I am an unabashed Anglophile. I firmly believe that rock and roll, though an American art form, had it’s best years when the Brits were dominating the output. If this site’s own logo is not an indication enough, I believe I cover mostly events, culture, and items relating to the British end of rock and roll more than I do the American side. That may be a fact, or that may just be conjecture, I’m not sure, and I haven’t checked yet because I’m a busy man. But I think it’s a fair thing to guess.
But like the blues scale and the work of Jimi Hendrix, the unalienable fact that between the two sides of the pond there a shared interest in teenage angst and rebellion, and quest for self-definition in the middle of having a good time. Rock and roll does that in general, but perhaps here in America, the movie “American Graffiti” performs that function best as a sort of mixed-media combination of the best damn soundtrack ever compiled and one hell of a great ‘vignette’-style movie.
For the Brits, however, there’s Quadrophenia.
When it comes to the Who’s two ‘rock opera’ albums, Quadrophenia is unfairly overlooked at times compared to the tour-de-force that is Tommy. It’s not as cohesive, it’s not as introspective, or even meaningful, for anyone who is unaware of the Brighton Beach riots, the concept of ‘mod’ and what it meant to define yourself as one of those or a ‘rocker.’
That’s where you realize it’s comparison is not Tommy, but the movie “American Graffiti,” both at a surface and a deeper level. Both Quadrophena and “American Graffiti” were released in 1973, looking specifically at the early ’60s. Both movies, in their way, center on a culture of fetishized vehicles (hot rods in America, Italian Scooters in England); the villains, aside from the culture at large, is usually somebody in a leather jacket and greased back hair. Both stories end a note of personal destruction. And it goes on from there, into a much deeper territory.
Quadrophenia is not as philosophical as Tommy, because it’s more inward that that. It’s not taking a deeper look at the metaphysical in relation to yourself, but it’s taking a deeper look at the self. And while that may not be the central focus of “American Graffiti,” it’s the crux of the movie’s protagonist, Curt Henderson (Richard Dryfuss) who, among the rest of his friends who are self-defined into certain roles, is confused about himself. Caught between boyhood and manhood, good guy who’s never allowed himself to be wild, and searching for the love of a woman elusive to him, Curt’s journey is more engaging and driven than any other’s in the movie. It gets a little muddled when you think about the powerhouse performances from everyone else in a massive ensemble cast, or the distractingly great soundtrack (plus a cooler-than-cool cameo from Wolfman Jack), but Curt’s experiences are far more rewarding and identifiable than anyone else in the cast.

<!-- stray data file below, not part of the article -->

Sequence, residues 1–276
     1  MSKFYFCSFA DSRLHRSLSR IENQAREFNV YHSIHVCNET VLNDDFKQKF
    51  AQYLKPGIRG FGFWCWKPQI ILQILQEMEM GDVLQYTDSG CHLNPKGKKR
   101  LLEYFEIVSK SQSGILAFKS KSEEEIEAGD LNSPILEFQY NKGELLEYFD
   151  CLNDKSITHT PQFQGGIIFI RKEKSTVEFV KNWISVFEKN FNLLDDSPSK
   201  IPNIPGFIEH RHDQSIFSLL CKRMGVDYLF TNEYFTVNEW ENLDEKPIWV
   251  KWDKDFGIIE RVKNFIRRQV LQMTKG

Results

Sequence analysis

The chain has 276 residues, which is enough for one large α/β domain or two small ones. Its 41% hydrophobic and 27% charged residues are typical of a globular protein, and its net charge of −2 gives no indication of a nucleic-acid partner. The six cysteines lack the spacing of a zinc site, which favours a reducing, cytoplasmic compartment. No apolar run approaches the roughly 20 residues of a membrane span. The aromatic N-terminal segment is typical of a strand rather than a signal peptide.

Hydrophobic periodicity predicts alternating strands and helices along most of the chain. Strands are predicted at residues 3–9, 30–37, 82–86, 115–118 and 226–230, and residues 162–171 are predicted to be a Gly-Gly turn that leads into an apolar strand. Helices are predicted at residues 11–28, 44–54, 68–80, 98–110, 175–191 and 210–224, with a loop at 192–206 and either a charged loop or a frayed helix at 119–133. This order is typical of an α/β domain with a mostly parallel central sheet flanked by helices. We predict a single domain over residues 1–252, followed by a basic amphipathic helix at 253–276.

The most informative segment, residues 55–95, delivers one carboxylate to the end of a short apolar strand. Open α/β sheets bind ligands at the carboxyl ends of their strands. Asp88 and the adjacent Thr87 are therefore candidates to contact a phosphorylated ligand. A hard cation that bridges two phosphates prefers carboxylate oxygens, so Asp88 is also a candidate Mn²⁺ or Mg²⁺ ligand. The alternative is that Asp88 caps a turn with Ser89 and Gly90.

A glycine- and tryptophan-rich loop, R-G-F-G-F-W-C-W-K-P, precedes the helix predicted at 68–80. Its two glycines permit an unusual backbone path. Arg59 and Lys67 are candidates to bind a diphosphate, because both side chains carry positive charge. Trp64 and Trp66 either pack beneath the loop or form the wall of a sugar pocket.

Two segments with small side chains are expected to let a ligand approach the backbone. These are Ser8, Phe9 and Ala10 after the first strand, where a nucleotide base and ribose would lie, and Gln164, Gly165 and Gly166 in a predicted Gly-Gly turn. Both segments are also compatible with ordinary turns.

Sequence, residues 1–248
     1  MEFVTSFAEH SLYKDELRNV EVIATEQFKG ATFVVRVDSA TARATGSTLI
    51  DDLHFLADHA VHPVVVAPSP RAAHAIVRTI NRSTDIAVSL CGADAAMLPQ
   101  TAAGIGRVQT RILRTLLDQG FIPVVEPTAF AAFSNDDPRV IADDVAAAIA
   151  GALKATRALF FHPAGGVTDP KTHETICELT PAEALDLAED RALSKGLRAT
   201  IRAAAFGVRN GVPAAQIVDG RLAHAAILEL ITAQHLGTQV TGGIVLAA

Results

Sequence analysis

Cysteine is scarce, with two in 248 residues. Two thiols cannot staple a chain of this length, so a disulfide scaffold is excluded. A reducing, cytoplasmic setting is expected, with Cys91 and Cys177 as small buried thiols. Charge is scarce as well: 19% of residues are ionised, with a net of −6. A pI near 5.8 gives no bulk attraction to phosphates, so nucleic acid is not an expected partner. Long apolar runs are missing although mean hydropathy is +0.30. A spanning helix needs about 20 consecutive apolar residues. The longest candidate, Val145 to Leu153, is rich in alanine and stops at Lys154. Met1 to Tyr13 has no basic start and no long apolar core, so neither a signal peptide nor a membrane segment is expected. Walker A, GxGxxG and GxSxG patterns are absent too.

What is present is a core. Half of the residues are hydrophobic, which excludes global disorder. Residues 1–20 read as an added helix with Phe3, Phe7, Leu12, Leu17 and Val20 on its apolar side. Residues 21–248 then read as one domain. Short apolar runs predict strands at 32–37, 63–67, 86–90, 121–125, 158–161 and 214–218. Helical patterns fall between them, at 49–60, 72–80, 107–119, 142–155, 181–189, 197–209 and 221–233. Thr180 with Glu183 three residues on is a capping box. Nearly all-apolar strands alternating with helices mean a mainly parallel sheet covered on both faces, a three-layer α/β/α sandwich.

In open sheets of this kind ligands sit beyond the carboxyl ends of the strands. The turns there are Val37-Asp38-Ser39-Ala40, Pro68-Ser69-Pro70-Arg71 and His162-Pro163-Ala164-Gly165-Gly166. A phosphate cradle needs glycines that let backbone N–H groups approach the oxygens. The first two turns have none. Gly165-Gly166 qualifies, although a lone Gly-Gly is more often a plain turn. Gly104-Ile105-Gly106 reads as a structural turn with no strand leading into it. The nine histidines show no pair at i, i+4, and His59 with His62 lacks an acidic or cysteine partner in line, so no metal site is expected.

As an album, Quadrophenia has so many advantages of being forced to single in on one story without being too confusing, but the characters are all there. From the mother, psychologist, and preacher in “The Real Me,” to protagonist Jimmy and how he sees himself, to the bus driver, farmer, and the Bell Boy, all the characters to whom James compares himself are as fleshed-out and realistic as an entire ensemble cast in a movie. It’s probably why the album translated into an incredible film as well (with Phil Daniels as Jimmy, and Sting as Ace Face the Bell Boy). Yet, the film, being in such a medium, lends itself to direct comparisons to “American Graffiti,” compared to the magic of the album’s own sheer force of retrospection and introspection, that demands the listener not to consider the Mod movement culturally, but how it was a teenage indulgence to assimilate and conform into something because it was what was popular to do at the time. Hell, it’s what you do at anytime, even in modern society, where it is more acceptable to choose alternatives, but the tragedy remains that it is still a matter of identifying yourself as such. There is no ‘self,’ but several selves.
I’ve decided to listen to this album, first thing in the morning, on my 24th Birthday. I have unfortunately missed the target when it comes to at what point I could best identify with this album, or even with the culture itself. Specifics aside, the experience is vital and as true now as it was then, because no matter how much culture changes, the zeitgeist remains the same. And though I am older now than when it would have been optimal to listen to the album, it still rings true, beyond the obvious lyrical points, but in Pete Townshend’s masterful compositions — the singles “Love Reign O’er Me,” and “The Real Me” make a case for the former, but the tender acoustic sparseness of “I’m One” and the mixed thematic layering of “The Rock” and “Quadrophenia” being the best cases for the latter.
There is no single true self, just as there are so many different ways of approaching this album, or the two mediums that interpret the same story. But rather than embracing the fractured sense of self, we forget that it’s all of these elements and selves that combine to make the uniqueness of ourselves as singular people. That is what I think Pete Townshend was trying to accomplish in writing four parts that ‘represent’ the Who’s players, while simultaneously denying that’s what was at play in the album. It may be playing into a geekish leaning and turning something sonically awesome into something tragically academic (you do know what blog you’re reading, right?) but it’s another hallmark moment that shows that the best art in this world is the one that looks at the bigger picture of smaller moments, and plays them all at once.